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Coca-Cola and McDonald's the great new targets for tourists attack

Wednesday, December 29, 2010

A jihadist website has posted fatwas that permit the killing of tourists and targeting of "infidel" companies like Coca-Cola and McDonald's
The fatwas on the website Al-Minbar Wal-Tawhid came in response to a posting by a member named "Abu Sayyed Qutub," which included the following questions:
"What is the ruling regarding companies that distribute Jewish and American products, such as Coca-Cola and McDonald's?"
"Is it permissible to receive help from gangsters in order to carry out jihad operations, as they say the jihad in Algeria is doing?"
"Is a group of fewer than 10 young people without military or organizational experience permitted to target tourists in countries with apostate [Muslim] governments, where no known jihad group operates?"
Sheikh Abu Walid al-Maqdisi, a Gaza-based cleric, replied that according to Sharia, it is forbidden to harm Muslim lives and possessions but permissible "to target infidel and polytheist lives and possessions."

"If the owners of these companies are Muslims, it is forbidden to harm or steal from them, even if they distribute or sell goods produced by the Jewish and Christian enemies of Allah, as long as the essence of the commerce and of the goods is permissible according to sharia," Maqdisi said. "However, if these companies are controlled by infidels, their property may be taken as booty, since the infidels of today are considered combatants."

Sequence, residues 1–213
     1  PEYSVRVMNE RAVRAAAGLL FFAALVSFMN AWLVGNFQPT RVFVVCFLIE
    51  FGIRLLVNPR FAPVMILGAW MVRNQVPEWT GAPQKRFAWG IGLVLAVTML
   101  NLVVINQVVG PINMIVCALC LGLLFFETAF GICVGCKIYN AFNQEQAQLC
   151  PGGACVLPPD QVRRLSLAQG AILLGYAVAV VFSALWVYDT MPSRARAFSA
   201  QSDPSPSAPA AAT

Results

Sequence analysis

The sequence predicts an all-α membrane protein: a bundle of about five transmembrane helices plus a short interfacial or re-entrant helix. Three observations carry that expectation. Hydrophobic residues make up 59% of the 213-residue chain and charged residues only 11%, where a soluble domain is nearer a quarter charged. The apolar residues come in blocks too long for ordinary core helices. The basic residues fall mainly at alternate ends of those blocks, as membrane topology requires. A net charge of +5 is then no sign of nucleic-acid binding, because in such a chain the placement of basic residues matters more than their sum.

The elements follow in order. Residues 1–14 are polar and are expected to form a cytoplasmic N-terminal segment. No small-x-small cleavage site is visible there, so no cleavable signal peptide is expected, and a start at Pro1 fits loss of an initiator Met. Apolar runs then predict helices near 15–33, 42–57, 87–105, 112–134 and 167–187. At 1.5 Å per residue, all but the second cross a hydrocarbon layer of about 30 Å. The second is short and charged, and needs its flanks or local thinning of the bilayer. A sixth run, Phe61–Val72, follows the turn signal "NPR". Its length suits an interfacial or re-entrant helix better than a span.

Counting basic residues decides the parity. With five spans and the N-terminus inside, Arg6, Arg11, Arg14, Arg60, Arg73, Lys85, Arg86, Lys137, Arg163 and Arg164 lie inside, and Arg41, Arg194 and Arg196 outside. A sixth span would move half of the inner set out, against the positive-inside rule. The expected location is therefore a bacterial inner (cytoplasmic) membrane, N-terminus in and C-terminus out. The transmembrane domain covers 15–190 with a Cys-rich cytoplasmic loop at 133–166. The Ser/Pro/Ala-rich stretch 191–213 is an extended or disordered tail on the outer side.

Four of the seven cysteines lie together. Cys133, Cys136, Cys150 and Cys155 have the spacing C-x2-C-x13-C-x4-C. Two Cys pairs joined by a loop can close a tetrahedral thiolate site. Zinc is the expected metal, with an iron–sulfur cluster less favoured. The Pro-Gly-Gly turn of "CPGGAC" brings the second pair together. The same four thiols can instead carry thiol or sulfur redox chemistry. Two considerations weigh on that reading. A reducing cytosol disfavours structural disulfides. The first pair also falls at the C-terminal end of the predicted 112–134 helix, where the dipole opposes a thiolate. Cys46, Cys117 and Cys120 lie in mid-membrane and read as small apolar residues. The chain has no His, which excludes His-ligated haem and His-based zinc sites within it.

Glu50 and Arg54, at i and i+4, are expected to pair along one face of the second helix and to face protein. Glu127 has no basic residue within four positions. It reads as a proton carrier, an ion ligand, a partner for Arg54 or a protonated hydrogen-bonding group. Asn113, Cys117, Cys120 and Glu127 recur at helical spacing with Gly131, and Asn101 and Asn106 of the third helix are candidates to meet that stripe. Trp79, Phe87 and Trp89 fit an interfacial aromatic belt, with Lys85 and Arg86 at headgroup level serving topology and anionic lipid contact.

Kidnapping and killing tourists was permissible so long as it was done by "people who are reliable, knowledgeable in Sharia, and have organizational and military experience" and are acting for the benefit of Muslims, he said. If a Muslim lives where no organized jihadist group exists, he should establish one, Maqdisi said.
Muslims are prohibited from obtaining help from infidel gangsters (although they may purchase weapons from them), he added. While Sharia doesn't bar Muslims from receiving help from Muslim criminals, the assistance should be rejected "if it is likely to harm the reputation of the mujahideen, or their jihad plan," according to Maqdisi.


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